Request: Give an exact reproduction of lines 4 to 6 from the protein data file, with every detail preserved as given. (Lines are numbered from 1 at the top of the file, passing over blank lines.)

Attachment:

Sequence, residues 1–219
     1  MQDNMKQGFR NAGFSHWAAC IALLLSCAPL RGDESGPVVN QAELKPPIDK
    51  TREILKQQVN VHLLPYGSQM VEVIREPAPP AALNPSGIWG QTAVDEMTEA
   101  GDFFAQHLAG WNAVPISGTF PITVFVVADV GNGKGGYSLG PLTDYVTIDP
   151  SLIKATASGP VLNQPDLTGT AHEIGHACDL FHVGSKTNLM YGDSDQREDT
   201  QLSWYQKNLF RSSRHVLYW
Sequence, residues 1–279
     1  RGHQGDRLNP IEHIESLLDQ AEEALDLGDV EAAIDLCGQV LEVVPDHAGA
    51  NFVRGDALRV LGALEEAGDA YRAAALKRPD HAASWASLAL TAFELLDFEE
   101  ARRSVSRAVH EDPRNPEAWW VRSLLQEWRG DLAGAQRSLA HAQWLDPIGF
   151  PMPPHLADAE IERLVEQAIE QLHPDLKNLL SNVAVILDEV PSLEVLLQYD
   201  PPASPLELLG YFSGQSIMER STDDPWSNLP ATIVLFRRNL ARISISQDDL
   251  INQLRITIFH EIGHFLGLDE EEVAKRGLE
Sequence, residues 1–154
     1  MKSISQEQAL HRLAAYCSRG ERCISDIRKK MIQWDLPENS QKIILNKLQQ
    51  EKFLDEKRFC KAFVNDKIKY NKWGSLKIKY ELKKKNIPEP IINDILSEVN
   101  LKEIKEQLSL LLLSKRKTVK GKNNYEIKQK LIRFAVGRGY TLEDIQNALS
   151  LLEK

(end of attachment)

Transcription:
   101  GDFFAQHLAG WNAVPISGTF PITVFVVADV GNGKGGYSLG PLTDYVTIDP
   151  SLIKATASGP VLNQPDLTGT AHEIGHACDL FHVGSKTNLM YGDSDQREDT
   201  QLSWYQKNLF RSSRHVLYW